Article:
Franchising in New Zealand has grown dramatically in the last five years. The 2000 Survey of Franchising published in September 2000 has confirmed a 25% per year increase in the number of systems, outlets and those employed in them during the past 12 months, with over 300 systems operating in the franchising area. More than 41,000 people are working within franchising (the population of New Zealand is approximately 3.8 million) and 68% of operations originate in New Zealand.

In 1999 the (then) national government proposed an amendment to the Commerce Act 1986. However, the draft Commerce Amendment Bill 1999 contained some controversial provisions that would dramatically affect both licensing and franchising in New Zealand.

The Franchise Association of New Zealand made a detailed submission and asked to be heard in front of the Commerce Select Committee. The hearing was due to take place in October 1999 but was delayed until October 12 2000 due to the general election.

The committee heard an update of recent developments, including the European block exemption where the Franchise Association claimed that the proposed amendments were unacceptable.

Under these amendments it would have become illegal to divide up New Zealand and established territories. The bill was trying to make such conduct anti-competitive and therefore in breach of the Commerce Act 1986. The actual wording in the bill was as follows:

"A provision of a contract, arrangement, or understanding is deemed for the purposes of Section 27 to have the purpose, or to have or to be likely to have the effect, of substantially lessening competition in a market if the provision has the purpose, or has or is likely to have the effect, of...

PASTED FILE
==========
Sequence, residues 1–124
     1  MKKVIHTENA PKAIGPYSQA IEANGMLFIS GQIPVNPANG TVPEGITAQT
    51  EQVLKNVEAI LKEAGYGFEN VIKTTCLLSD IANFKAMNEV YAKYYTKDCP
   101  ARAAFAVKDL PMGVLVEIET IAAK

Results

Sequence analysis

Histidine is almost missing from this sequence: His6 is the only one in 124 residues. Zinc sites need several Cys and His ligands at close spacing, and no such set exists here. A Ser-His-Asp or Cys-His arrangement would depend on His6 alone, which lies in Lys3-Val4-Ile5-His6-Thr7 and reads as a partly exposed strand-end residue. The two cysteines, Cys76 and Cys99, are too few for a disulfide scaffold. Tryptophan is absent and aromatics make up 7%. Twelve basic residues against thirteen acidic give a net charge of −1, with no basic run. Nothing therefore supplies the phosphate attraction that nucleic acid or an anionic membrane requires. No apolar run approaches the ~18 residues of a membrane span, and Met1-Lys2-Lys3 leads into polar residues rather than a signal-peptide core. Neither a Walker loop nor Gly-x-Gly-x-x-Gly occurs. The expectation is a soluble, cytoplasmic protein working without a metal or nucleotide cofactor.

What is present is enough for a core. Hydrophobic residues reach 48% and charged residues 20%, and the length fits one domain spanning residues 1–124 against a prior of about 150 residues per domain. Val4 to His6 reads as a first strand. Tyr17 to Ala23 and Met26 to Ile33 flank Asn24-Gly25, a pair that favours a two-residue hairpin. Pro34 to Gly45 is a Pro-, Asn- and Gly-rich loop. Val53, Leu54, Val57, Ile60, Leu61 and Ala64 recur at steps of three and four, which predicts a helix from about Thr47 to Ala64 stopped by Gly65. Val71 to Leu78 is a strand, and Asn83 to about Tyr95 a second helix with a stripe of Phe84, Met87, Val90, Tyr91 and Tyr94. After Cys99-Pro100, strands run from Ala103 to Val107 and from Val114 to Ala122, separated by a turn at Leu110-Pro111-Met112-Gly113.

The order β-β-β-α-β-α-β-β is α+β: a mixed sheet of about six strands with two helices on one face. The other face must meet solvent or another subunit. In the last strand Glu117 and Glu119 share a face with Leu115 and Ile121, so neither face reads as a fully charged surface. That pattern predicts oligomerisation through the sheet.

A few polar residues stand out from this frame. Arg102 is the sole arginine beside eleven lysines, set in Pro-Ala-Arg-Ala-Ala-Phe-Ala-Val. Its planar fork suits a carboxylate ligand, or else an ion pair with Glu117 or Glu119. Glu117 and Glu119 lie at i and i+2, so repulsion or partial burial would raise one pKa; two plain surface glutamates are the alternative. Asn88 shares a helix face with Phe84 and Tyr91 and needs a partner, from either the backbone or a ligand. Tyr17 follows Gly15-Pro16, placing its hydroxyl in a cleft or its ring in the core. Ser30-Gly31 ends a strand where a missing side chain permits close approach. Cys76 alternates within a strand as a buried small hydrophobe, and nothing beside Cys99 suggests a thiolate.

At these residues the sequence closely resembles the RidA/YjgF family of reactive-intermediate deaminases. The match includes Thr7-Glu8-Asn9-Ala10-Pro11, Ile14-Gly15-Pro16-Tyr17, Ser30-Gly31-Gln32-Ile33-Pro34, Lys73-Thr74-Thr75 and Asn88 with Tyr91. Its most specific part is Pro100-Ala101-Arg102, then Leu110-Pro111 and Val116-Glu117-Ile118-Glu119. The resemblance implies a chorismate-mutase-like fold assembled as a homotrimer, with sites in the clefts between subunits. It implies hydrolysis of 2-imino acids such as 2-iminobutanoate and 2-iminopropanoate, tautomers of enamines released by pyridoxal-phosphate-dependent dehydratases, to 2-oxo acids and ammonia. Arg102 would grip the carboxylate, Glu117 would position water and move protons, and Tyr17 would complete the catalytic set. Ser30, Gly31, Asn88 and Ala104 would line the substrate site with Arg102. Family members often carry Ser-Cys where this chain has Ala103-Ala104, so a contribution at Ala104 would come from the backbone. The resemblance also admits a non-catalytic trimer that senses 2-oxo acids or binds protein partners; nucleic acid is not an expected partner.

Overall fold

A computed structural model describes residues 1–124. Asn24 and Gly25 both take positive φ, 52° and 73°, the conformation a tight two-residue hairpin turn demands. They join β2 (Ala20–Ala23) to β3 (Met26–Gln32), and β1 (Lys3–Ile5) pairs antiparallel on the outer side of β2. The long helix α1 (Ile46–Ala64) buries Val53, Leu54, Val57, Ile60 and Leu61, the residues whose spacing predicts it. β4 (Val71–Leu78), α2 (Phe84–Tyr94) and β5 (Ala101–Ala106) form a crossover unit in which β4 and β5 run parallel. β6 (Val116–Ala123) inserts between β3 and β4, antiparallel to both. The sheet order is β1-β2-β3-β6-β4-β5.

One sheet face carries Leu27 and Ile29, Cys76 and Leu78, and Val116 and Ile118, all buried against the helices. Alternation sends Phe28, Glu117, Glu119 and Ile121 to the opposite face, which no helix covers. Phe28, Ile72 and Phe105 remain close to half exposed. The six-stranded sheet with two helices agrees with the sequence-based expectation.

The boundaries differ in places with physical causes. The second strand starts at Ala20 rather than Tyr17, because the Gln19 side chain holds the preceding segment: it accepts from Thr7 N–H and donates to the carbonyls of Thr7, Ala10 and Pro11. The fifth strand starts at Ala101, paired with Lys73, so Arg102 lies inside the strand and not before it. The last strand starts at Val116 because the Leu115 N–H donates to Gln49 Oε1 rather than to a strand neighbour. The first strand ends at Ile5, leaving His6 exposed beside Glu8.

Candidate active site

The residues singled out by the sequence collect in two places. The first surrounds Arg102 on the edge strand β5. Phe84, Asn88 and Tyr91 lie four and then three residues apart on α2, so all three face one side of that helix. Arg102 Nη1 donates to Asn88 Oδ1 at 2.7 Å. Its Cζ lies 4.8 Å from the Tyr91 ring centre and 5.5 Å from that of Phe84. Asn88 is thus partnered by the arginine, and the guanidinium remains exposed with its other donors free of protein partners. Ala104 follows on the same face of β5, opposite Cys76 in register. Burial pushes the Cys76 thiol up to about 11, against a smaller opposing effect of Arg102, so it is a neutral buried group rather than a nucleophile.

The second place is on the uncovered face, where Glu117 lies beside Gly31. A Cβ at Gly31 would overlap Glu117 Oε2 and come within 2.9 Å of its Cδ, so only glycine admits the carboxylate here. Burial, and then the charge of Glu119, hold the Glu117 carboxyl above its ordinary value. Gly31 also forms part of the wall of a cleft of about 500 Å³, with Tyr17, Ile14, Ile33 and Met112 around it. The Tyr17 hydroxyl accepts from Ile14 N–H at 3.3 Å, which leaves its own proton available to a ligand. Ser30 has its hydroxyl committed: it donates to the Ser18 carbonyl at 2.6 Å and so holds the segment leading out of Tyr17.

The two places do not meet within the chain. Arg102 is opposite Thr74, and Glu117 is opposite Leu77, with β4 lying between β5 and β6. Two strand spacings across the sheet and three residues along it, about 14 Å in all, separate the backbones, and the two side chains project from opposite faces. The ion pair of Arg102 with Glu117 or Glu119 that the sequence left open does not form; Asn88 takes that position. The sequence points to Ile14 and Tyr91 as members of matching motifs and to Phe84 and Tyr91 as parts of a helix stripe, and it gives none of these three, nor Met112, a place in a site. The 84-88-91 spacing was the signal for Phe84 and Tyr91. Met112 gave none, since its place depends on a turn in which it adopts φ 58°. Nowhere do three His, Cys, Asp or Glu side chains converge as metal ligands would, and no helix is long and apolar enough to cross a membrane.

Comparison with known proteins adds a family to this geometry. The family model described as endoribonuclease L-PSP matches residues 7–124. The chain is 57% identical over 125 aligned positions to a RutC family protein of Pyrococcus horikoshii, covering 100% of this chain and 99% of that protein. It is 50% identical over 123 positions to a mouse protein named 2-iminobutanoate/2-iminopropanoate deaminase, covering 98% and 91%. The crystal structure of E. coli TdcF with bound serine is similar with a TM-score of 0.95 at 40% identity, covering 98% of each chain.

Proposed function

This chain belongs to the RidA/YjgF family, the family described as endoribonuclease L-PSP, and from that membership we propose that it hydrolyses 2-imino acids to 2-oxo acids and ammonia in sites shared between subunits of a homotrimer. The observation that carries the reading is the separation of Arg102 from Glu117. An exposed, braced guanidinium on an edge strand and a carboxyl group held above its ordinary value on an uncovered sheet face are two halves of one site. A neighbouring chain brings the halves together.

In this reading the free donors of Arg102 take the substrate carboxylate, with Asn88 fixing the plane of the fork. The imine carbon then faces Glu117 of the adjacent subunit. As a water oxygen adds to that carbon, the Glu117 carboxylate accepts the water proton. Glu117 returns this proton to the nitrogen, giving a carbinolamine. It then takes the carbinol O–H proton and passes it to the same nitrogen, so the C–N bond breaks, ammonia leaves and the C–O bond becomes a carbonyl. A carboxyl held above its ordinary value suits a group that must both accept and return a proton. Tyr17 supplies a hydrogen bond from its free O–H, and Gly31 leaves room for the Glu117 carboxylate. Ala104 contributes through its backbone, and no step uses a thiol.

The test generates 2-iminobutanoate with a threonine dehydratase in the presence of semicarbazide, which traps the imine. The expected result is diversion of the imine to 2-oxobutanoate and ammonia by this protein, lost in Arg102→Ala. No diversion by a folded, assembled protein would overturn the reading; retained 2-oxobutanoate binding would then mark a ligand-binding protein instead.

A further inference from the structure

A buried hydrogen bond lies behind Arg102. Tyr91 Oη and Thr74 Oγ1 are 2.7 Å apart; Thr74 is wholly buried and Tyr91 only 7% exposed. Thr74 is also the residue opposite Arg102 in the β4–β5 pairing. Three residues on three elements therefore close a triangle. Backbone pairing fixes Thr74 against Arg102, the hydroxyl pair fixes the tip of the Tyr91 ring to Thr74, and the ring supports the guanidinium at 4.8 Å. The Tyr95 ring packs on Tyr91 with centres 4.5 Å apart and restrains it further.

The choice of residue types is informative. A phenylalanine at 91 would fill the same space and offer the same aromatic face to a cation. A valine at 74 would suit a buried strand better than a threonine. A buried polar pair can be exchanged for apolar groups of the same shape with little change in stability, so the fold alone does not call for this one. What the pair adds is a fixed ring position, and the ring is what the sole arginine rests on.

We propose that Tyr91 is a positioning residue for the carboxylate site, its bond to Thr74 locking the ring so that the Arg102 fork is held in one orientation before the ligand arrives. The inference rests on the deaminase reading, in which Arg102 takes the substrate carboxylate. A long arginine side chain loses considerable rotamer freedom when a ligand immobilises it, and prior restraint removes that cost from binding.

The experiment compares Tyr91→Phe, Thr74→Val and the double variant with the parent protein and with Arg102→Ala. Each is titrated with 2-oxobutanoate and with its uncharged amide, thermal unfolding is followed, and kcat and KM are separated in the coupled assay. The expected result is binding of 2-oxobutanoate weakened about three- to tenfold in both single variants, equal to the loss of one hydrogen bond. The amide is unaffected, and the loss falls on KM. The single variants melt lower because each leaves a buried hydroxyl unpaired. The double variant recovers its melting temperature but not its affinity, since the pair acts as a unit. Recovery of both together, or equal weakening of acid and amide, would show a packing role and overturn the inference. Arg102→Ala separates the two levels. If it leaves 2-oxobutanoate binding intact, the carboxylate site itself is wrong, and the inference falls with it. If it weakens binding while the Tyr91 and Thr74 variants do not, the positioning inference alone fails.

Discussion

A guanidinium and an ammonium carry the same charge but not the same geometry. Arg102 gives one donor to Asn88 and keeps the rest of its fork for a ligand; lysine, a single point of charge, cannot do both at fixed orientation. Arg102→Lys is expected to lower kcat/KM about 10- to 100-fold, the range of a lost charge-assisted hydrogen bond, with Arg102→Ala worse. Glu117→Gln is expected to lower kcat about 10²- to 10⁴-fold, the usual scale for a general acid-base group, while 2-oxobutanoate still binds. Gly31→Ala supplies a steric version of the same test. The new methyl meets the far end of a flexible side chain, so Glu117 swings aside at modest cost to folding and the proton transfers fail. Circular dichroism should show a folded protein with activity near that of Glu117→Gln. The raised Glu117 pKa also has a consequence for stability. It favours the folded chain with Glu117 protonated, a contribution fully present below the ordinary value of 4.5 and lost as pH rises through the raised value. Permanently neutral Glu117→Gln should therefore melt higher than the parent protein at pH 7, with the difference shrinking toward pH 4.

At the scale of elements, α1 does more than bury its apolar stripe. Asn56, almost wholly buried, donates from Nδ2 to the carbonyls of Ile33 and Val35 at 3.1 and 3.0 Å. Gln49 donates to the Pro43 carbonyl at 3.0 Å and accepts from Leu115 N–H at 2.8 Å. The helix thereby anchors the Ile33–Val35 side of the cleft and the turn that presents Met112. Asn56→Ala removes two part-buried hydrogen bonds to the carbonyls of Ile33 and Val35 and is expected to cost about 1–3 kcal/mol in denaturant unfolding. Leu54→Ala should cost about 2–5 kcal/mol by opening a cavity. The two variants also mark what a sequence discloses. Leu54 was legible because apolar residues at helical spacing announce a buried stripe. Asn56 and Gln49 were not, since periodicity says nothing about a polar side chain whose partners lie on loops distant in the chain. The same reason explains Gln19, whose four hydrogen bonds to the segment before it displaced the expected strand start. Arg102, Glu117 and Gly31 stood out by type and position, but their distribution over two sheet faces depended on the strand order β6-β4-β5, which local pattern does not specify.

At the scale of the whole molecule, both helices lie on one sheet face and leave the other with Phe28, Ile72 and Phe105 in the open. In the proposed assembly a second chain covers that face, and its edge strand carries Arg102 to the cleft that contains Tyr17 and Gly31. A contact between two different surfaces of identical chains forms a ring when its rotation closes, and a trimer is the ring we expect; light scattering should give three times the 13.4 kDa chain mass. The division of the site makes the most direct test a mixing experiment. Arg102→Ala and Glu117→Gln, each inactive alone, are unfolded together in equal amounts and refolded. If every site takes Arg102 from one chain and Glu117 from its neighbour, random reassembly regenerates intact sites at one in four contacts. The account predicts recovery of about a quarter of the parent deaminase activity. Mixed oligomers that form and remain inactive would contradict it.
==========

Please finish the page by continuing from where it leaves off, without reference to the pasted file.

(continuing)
(c)dividing, distributing, allocating, or apportioning, or providing for the dividing, distributing , allocating, or apportioning, of a market for goods or services on any basis, including customers, suppliers, territory or time of sale; or

(d)limiting, or providing for the limiting, of the quantity of goods produced, processed, distributed or sold, or restricting, or providing for the restricting, of the number, volume or frequency of services offered."

After the formal presentation the chairman of the Commerce Select Committee announced that the committee had been persuaded by the Franchise Association's arguments and would ensure that franchising (and licensing and distributorships in the wider sense) would not be impeded by the Commerce Amendment Act 2000.

For further information on this topic please contact Stewart Germann at Stewart Germann Law Office by telephone (+64 9 308 9925) or by fax (+64 9 308 9922) or by e-mail ([email protected]).

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